• No one seems to have any super powers; well, nothing earth-shattering anyway. You won’t find anyone here who can knock down a building by breathing on it. Jessica gets by on modicum of super-strength, and seems to be powered by vodka and very little else. She’s a private detective by day, and like all good gumshoes, she drinks to forget.
  • There are no city-levelling fight scenes.
  • No hi-tech armour, no mystical hammers and no indestructible shields.
  • No Scarlett Johanssen, but I’ll get over it.

What it does have is an easy slow-burning plot and a rather seedy feel that comes across as a sort of film noir shot in a slum. The script is deadpan, not overdone, with a hint of dark humour. They’re not trying to send a message or save the world; none of the heroes and villains here give a hoot about anything or anyone.  It’s surprisingly heavy on the sex scenes, and the director hasn’t pulled any punches in any of the fight sequences – and there aren’t that many of those.

I didn’t make it through the first episode of Supergirl; I’ve watched four episodes of Jessica Jones, back to back, and when I’m done here I’m going back for more. Great stuff.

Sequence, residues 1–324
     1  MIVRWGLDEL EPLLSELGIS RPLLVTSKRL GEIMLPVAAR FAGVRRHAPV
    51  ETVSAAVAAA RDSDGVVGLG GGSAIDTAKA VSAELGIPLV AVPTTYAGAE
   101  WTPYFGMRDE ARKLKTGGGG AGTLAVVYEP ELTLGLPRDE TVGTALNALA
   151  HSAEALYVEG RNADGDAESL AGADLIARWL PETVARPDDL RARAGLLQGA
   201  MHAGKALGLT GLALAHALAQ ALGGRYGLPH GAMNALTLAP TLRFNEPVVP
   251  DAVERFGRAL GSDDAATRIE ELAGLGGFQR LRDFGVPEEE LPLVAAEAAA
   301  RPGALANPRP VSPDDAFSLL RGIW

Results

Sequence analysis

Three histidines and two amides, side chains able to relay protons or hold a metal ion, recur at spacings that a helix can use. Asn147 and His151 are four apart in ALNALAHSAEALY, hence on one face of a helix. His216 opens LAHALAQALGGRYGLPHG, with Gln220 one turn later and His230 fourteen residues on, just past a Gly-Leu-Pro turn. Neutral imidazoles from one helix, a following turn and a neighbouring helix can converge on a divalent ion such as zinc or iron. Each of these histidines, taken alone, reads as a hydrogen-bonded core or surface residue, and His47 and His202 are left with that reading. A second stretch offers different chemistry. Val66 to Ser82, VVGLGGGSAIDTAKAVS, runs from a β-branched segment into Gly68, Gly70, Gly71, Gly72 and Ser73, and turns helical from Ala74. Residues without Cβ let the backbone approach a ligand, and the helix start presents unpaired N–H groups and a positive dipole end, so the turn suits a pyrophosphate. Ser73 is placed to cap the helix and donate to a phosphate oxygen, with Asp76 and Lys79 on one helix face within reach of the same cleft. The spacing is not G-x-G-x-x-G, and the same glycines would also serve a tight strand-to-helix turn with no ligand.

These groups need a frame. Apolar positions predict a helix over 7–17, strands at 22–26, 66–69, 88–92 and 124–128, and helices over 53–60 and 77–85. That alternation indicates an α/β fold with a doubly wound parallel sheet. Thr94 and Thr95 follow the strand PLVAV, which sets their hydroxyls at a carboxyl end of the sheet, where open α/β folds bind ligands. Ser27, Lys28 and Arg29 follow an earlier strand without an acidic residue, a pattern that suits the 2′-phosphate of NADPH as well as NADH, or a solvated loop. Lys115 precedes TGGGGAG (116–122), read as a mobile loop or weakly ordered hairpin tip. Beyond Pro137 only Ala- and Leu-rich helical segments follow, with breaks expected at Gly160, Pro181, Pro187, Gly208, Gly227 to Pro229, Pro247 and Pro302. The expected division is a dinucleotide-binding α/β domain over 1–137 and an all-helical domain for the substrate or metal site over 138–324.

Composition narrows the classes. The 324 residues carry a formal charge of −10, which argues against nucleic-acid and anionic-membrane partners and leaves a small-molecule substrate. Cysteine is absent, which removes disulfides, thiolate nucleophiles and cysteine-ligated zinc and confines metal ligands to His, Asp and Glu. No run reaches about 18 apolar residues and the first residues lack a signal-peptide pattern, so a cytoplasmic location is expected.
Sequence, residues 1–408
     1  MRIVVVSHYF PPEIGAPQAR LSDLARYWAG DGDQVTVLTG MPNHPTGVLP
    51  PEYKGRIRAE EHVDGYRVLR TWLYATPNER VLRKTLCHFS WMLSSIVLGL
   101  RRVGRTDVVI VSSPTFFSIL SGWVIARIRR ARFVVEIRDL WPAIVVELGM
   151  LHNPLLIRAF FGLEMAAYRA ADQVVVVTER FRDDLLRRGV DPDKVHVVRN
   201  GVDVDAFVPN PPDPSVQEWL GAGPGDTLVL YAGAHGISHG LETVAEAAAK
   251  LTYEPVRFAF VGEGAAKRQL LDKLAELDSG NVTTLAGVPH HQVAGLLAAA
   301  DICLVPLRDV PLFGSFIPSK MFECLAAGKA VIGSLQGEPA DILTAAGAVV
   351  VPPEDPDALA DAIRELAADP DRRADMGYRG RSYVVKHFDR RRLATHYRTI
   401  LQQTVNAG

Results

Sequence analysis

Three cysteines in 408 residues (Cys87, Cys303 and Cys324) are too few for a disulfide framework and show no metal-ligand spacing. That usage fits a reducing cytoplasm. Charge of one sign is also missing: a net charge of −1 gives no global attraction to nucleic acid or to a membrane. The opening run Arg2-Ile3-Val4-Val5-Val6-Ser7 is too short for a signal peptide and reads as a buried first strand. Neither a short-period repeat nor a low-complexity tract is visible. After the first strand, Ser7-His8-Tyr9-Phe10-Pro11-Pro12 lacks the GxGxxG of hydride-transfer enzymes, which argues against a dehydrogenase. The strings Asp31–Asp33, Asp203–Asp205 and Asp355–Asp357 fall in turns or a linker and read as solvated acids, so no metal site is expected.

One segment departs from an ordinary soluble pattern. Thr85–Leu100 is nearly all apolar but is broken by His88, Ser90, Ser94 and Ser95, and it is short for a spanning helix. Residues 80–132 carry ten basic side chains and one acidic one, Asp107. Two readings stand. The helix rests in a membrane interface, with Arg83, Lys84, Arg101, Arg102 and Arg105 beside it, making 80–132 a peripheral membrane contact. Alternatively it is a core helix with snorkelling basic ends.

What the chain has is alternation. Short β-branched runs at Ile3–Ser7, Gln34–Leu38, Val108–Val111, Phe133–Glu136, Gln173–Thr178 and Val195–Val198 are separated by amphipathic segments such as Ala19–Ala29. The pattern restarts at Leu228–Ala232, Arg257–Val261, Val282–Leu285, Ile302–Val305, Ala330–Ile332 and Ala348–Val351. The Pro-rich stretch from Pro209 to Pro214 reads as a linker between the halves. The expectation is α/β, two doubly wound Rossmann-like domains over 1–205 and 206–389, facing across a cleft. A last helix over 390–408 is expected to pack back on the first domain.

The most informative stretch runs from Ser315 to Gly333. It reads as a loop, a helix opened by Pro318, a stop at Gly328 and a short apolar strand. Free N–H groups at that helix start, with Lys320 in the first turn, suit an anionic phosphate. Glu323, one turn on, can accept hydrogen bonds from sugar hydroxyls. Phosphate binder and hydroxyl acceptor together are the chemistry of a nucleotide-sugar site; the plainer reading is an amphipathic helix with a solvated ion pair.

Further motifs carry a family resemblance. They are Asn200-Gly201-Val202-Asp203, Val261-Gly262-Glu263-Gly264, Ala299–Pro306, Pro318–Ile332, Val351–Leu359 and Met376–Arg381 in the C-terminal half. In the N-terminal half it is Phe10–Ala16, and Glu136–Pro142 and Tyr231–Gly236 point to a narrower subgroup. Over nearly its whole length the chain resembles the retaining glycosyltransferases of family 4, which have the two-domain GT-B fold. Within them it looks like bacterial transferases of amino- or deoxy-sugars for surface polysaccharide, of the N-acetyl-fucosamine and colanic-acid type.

Eight out of ten.

Film review – The Hunger Games: Mockingjay Part 2

I’m one of the Hunger Games’ unlikely fans: I didn’t think I’d like it, but the first two were brilliant (we should see more of Donald Sutherland). Mockingjay Part 1 was okay (kind of), and having seen Part 2, I’m pretty sure that’s where they should have stopped at Part 1

Yes, it was beautifully shot: the actions scenes were real edge-of-your-seat stuff, and the sets were breathtaking. The acting didn’t disappoint (no one’s going to win an oscar, but the performances were creditable).

So, my only real problem was with the movie itself: what was the point? Aside from the obvious (to make the studios a big pot of money), I struggled to see what they were aiming for. I had a similar problem with the Fantastic Four, except that film had been cut to fit into ninety minutes, Mockingjay 2 had been stretched to cover two and a half hours.


There was an awful lot of travelling about; a lot deep, meaningless conversations in rooms alternating between pitch black and blazingly lit; the heroine wandered back and forth between home and the frontline while sighing and gazing into the middle distance… I started wondering if this could have all been wrapped up in Mockingjay Part 1 with a bit of judicious editing. Maybe not, but there certainly wasn’t enough here for two and half hours.  I guess that the studio (quite rightly) wanted to feel that the audience was getting its money’s worth; I’m just not sure this was the way to do it.

Still, if you’re a Hunger Games fan then you’re going to see it to find out what happens, and so you should. (Just don’t worry too much if you show up late). There are a few interesting twists along the way, though you won’t be hard pressed to see them coming, and as I said, Donald Sutherland was manically brilliant.

Five out of ten.